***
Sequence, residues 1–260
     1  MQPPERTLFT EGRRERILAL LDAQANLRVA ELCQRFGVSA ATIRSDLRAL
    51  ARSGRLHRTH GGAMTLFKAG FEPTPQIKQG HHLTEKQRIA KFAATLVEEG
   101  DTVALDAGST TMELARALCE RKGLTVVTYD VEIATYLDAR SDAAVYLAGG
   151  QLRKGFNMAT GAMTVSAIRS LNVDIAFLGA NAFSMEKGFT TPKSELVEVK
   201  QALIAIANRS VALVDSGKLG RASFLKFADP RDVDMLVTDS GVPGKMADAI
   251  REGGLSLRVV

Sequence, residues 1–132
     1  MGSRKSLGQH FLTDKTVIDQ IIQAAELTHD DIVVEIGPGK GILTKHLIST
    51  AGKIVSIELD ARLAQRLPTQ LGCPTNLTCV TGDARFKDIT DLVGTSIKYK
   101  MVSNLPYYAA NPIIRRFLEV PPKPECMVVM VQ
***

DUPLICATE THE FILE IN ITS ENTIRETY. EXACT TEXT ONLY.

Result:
Sequence, residues 1–260
     1  MQPPERTLFT EGRRERILAL LDAQANLRVA ELCQRFGVSA ATIRSDLRAL
    51  ARSGRLHRTH GGAMTLFKAG FEPTPQIKQG HHLTEKQRIA KFAATLVEEG
   101  DTVALDAGST TMELARALCE RKGLTVVTYD VEIATYLDAR SDAAVYLAGG
   151  QLRKGFNMAT GAMTVSAIRS LNVDIAFLGA NAFSMEKGFT TPKSELVEVK
   201  QALIAIANRS VALVDSGKLG RASFLKFADP RDVDMLVTDS GVPGKMADAI
   251  REGGLSLRVV

Sequence, residues 1–132
     1  MGSRKSLGQH FLTDKTVIDQ IIQAAELTHD DIVVEIGPGK GILTKHLIST
    51  AGKIVSIELD ARLAQRLPTQ LGCPTNLTCV TGDARFKDIT DLVGTSIKYK
   101  MVSNLPYYAA NPIIRRFLEV PPKPECMVVM VQ